Delfeayo Marsalis’s Jazz Party

In the 1980s, growing up in an Ohio farm town, the jazz sound mesmerized this fumbling (still fumbling, four decades later) musician, playing keyboards in the high-school jazz band. While running through pat charts of Glenn Miller and other big-band standards, deep down, I suspected there was more to jazz.

“At least they were playing that,” Delfeayo Marsalis said, in all seriousness, when I told him a little about myself, interviewing him for Fluckwittery at his home in New Orleans’ Garden District late last year.

At the time modern jazz seemed to be at loose ends, with the cool-era greats slowing down and ’70s fusion running its course. Hair-metal and synthesizer drones ruled the pop charts. Jazz was not cool to the average music consumer. It was kinda hard to find, as many people had tossed out their record players, but the compact disc was just coming into its own.

Then the Marsalis family bum-rushed the scene. Trumpet god Wynton came first, playing classical and jazz, demonstrating acute academic understanding of anything he touched. Branford and his sax came next, evangelizing the art of the funky jazz jam with his crack band backing Sting on his post-Police records, most notably on the 2-LP Bring on the Night live set.

Without Sting, Branford’s band had their own popularity arc. I somehow scraped together enough quarters to see them when they played at my college, Ohio University. Ellis, the father, was a University of New Orleans professor during this period, but also found time to record his music.

Their records even made their way to rural Ohio, and were my gateway drug to the broader jazz world. Used record stores today usually have some Marsalis records in their jazz crates. Post LP-era Marsalis recordings can be found in the CD stacks (if you run across Wynton and Willie Nelson’s live set Two Men With the Blues, it’s a freaking riot). All are worth checking out, if you’ve got even a teaspoon of jazz appreciation in your veins or, if you are like 1980s me, beginning your explorations.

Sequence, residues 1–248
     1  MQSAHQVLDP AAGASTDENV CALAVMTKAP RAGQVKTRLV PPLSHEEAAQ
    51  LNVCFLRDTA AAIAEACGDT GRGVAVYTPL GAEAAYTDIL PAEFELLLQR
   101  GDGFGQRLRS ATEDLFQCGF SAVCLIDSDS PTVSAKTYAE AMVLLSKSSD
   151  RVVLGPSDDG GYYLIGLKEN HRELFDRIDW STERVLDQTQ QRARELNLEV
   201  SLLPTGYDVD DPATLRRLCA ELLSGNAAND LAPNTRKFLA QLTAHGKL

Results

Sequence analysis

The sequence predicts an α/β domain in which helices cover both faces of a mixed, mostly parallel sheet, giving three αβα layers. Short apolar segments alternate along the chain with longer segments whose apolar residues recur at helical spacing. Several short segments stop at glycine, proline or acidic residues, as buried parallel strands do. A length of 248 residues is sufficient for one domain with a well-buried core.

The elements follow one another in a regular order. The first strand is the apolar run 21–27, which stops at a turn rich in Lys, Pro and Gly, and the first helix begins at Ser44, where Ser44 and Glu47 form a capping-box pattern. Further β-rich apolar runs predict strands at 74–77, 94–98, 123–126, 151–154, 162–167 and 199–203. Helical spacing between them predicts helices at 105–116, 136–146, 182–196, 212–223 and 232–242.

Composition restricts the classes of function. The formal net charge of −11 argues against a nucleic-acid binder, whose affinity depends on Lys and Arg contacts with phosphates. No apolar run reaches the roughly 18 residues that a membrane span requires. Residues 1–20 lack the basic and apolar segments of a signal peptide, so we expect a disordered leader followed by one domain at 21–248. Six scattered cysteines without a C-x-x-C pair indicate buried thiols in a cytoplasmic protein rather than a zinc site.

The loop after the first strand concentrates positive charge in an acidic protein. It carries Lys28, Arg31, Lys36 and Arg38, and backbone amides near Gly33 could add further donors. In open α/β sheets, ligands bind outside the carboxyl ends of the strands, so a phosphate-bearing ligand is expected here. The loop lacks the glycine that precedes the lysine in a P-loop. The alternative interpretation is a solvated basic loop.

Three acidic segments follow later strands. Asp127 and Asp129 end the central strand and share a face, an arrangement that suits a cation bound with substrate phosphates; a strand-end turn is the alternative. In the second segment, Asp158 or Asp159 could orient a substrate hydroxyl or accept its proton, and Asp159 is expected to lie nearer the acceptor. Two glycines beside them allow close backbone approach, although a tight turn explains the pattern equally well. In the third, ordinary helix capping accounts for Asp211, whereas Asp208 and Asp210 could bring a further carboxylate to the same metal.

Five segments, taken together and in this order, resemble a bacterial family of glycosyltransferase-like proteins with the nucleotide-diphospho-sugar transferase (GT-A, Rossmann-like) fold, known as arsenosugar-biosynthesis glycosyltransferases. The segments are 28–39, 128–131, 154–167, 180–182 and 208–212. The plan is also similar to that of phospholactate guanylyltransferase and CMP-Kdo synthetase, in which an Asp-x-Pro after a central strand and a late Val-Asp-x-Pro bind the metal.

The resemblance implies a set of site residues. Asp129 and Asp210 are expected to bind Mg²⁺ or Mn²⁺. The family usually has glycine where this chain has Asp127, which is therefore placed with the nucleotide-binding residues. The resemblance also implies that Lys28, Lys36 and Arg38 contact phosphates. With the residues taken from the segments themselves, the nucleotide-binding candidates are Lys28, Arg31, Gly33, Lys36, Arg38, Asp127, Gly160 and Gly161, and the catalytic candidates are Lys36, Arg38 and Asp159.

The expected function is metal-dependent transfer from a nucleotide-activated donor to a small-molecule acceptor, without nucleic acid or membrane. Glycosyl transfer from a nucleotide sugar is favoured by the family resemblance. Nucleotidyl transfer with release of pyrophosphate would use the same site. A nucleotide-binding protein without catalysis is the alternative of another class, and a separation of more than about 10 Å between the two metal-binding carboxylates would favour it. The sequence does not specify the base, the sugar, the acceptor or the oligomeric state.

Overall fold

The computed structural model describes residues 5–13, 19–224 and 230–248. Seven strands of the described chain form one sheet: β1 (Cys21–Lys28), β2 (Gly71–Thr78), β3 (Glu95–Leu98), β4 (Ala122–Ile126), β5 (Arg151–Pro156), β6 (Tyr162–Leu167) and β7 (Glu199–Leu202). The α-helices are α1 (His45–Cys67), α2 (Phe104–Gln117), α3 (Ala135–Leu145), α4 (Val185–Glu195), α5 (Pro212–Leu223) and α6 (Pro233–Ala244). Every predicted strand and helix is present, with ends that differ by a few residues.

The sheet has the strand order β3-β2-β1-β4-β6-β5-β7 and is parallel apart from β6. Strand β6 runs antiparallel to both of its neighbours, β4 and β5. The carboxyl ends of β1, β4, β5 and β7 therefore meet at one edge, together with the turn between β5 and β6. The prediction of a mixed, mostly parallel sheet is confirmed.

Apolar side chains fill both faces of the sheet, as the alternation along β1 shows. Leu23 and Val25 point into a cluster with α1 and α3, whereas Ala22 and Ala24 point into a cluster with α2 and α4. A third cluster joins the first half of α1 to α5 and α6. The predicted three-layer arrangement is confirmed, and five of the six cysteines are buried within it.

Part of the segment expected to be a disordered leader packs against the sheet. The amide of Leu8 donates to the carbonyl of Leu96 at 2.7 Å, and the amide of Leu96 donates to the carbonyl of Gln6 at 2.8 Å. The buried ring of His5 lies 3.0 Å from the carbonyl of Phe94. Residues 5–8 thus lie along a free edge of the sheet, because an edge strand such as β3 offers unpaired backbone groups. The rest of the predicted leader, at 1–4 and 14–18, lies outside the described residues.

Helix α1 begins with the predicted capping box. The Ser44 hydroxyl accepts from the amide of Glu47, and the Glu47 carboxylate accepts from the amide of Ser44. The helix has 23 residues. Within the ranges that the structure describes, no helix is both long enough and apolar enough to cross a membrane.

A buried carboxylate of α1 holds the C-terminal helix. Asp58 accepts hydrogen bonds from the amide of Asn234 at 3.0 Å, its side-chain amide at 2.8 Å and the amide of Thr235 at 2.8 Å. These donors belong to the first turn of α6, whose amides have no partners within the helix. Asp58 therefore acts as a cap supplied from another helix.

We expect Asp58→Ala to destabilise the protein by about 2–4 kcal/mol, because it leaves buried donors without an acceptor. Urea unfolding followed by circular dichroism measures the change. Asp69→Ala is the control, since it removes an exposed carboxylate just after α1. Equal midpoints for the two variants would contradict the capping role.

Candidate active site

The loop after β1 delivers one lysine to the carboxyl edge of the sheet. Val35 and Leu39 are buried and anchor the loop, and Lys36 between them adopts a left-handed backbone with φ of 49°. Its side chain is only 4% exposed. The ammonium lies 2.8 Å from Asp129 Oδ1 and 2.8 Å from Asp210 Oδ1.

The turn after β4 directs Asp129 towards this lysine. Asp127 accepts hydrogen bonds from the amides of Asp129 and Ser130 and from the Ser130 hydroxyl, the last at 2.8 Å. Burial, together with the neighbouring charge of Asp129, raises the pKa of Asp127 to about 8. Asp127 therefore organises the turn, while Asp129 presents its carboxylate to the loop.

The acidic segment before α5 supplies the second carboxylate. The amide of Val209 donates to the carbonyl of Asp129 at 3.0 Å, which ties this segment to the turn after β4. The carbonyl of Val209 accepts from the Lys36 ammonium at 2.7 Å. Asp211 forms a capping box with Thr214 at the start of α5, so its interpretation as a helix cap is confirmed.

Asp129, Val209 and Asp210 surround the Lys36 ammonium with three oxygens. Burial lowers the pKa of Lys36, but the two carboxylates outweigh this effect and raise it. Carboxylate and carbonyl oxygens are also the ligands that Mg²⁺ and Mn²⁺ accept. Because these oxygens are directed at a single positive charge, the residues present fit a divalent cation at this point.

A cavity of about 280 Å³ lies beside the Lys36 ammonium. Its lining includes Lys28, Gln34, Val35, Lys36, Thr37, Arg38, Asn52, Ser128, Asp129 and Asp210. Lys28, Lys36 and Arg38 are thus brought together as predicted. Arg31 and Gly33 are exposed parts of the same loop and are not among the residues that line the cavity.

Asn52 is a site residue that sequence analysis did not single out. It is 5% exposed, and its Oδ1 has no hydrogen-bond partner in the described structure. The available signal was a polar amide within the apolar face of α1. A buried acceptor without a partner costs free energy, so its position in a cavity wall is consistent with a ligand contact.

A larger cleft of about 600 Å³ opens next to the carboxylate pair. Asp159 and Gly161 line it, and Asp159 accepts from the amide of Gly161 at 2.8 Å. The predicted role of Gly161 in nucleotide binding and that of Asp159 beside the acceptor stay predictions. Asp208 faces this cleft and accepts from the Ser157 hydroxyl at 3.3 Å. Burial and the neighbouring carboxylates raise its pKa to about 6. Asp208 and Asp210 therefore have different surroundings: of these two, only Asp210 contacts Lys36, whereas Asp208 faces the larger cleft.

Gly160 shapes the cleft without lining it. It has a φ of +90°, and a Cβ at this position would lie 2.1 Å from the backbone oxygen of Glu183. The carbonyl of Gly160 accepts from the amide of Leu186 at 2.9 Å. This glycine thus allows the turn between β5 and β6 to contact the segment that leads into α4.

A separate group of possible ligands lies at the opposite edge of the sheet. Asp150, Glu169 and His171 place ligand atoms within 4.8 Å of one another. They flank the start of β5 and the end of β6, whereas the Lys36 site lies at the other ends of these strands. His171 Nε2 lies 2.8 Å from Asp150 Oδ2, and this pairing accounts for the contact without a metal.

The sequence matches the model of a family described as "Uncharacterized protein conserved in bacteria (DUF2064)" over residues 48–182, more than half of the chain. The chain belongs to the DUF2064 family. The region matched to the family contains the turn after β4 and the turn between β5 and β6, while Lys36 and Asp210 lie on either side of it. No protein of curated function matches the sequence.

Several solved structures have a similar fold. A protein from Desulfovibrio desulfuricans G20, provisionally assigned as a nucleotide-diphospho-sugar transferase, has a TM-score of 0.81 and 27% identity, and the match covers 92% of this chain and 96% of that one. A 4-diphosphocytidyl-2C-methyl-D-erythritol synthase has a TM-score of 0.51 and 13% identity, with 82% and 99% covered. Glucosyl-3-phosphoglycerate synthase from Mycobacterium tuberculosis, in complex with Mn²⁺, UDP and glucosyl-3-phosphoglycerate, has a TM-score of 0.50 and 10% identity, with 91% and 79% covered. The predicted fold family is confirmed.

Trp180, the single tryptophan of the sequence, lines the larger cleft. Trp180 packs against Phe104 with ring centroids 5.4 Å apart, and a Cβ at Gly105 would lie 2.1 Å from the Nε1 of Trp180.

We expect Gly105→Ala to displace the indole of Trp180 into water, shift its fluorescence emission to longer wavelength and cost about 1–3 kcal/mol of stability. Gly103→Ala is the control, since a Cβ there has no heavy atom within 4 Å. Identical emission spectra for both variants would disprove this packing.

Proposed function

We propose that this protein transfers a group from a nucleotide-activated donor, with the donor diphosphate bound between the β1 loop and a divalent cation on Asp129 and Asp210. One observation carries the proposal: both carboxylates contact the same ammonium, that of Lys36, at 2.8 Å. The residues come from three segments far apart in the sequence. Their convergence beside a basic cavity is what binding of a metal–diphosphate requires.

Listening to those guys led to the appreciation of Miles, Coltrane, Sonny Rollins, Diz and Bird, Herbie Hancock, Ahmad Jamal, Dexter Gordon, and on and on and on. Later, a soul-jazz thing took root, too, as I ran down piano and Hammond B3 organ players from Oscar Peterson to Les McCann to Ramsey Lewis and Jimmy Smith, Groove Holmes, Jimmy McGriff, Brother Jack McDuff, Shirley Scott and many more.

Hearing Wynton play his reinterpretation of “When You Wish Upon A Star,” specifically, pried open my brain and made me want to hear more jazz. Branford playing “St. Thomas” and Wynton’s “Cherokee” made me run down everybody else’s version of those songs I could find.

In the early 1990s, Jay Leno took over Johnny Carson’s seat on late-night TV. Branford was Leno’s new Doc Severinsen, and continued our Marsalis jazz educations weeknights in our living rooms at every commercial break.

Younger brother Delfeayo, a trombonist by trade, produced Branford’s records at his Columbia Records peak. I came to appreciate him later in the 1990s, as I visited New Orleans and fell in love with the city, its food, its music, its culture, its Louisiana spirit.